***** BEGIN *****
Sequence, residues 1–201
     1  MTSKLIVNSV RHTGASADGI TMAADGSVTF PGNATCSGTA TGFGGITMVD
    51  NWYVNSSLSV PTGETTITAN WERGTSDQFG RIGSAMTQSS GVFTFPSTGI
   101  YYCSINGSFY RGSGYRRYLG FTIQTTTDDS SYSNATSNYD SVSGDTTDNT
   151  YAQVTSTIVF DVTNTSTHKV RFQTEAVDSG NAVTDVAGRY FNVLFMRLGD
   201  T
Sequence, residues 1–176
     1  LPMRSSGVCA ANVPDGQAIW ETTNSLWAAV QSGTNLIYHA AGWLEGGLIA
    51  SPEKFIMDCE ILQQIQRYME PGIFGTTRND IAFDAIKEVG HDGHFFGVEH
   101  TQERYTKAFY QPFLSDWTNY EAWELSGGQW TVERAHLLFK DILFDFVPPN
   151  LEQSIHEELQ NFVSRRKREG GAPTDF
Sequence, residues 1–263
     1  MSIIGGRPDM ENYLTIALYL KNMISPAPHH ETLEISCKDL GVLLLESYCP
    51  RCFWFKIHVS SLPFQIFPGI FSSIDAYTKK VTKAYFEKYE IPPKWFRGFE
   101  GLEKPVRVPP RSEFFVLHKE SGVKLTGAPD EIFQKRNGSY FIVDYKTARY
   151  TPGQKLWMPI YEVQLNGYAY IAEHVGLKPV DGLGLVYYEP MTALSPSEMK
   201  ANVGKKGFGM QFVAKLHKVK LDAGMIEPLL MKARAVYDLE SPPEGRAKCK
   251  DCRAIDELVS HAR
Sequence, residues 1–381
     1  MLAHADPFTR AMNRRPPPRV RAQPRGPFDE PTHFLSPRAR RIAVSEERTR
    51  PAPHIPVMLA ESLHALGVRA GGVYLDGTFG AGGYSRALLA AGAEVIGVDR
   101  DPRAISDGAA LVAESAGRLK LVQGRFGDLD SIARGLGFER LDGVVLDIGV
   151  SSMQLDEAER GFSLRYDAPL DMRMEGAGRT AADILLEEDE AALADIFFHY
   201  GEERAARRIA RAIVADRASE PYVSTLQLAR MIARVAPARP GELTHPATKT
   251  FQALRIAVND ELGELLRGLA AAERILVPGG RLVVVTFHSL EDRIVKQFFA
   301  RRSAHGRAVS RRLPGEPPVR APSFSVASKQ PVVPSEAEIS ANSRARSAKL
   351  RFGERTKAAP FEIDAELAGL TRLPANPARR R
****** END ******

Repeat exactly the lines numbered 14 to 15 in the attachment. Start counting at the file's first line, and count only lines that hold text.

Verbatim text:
    51  RCFWFKIHVS SLPFQIFPGI FSSIDAYTKK VTKAYFEKYE IPPKWFRGFE
   101  GLEKPVRVPP RSEFFVLHKE SGVKLTGAPD EIFQKRNGSY FIVDYKTARY